Mahmoud Abdul-Rauf made the shooting look cool long before Stephen Curry did, and the resemblance in their game is astonishing. Abdul-Rauf, formerly known as Chris Jackson, was a vicious scorer capable of dropping 30 points against almost every defense in the league. Unfortunately, because of his political activism, his career was cut short. He believed he got blackballed from the league during his prime years.
Despite the fact he didn't have a long NBA career, he made an impact, and if you watched him play, you could tell his game was so smooth and effortless at certain times. Abdul-Rauf was a hard worker who approached the game differently than others around him, and in an interview with Courtsmith Basketball Industries, he shared some of the things he did before the game to get ready. He had a rigorous diet, and he didn't even drink water during the game because he believed that gave him an edge against the opposing players.
"I eat well in advance. I don't like to eat heavy. I eat maybe 4,5 hours before the game, so when I come to the game, my system is light, I'm almost empty. If you have a lot of food in your system it relaxes you and makes you lazy. I'll drink before the game; usually, during the game, I don't drink even though it might not be the healthiest I don't drink anything until the game is over. It's something about physically being hungry makes you mentally hungry. The worst people to fight are the people who are scared or hungry. So when I go, and I'm kind of empty because your thoughts are clearer. I like to rest before the game; my body has a biological clock. "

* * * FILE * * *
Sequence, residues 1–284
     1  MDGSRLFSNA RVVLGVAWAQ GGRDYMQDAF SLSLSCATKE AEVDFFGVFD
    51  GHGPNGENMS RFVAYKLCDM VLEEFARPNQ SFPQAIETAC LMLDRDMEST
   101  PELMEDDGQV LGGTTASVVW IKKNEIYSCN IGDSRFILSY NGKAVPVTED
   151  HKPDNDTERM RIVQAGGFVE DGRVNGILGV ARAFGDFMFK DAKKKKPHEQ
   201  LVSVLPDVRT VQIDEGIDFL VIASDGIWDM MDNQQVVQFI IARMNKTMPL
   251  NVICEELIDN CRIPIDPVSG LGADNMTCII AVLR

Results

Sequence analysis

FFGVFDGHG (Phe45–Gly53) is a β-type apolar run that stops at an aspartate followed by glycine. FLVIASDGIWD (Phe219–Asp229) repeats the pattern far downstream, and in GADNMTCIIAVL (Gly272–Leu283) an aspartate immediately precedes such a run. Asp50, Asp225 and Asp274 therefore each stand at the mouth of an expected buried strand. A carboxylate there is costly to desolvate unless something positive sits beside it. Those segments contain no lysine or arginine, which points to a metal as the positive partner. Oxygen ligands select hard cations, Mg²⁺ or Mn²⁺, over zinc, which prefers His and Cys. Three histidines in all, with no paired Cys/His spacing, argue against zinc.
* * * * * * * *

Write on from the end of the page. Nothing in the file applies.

Apart from his eating and drinking regime, Abdul-Rauf approached the game differently from the mental perspective, as well. He would play the game in his mind over and over again. Abdul-Rauf believed when game time comes, he can predict plays happen before everybody else. Abdul-Rauf is also a very spiritual person who has a deeper understanding of life itself, which means he would switch up a few things here and there because he believes life is not the same, and you need to learn to adapt.
"I like to think about the game, especially during the season, just constantly the mental imagery. You're imaging plays, the toughest defenses on you what you can do to escape that defense and get your shot up. You have to play the game back in your head all the time. You're constantly thinking about that, and you're envisioning the shots go in. Finally, when you get into the game, you played it so much you see two, three moves ahead. You see it because you played it. So these are the rituals I have before the game, and I'm always switching it up because life is not the same all the time."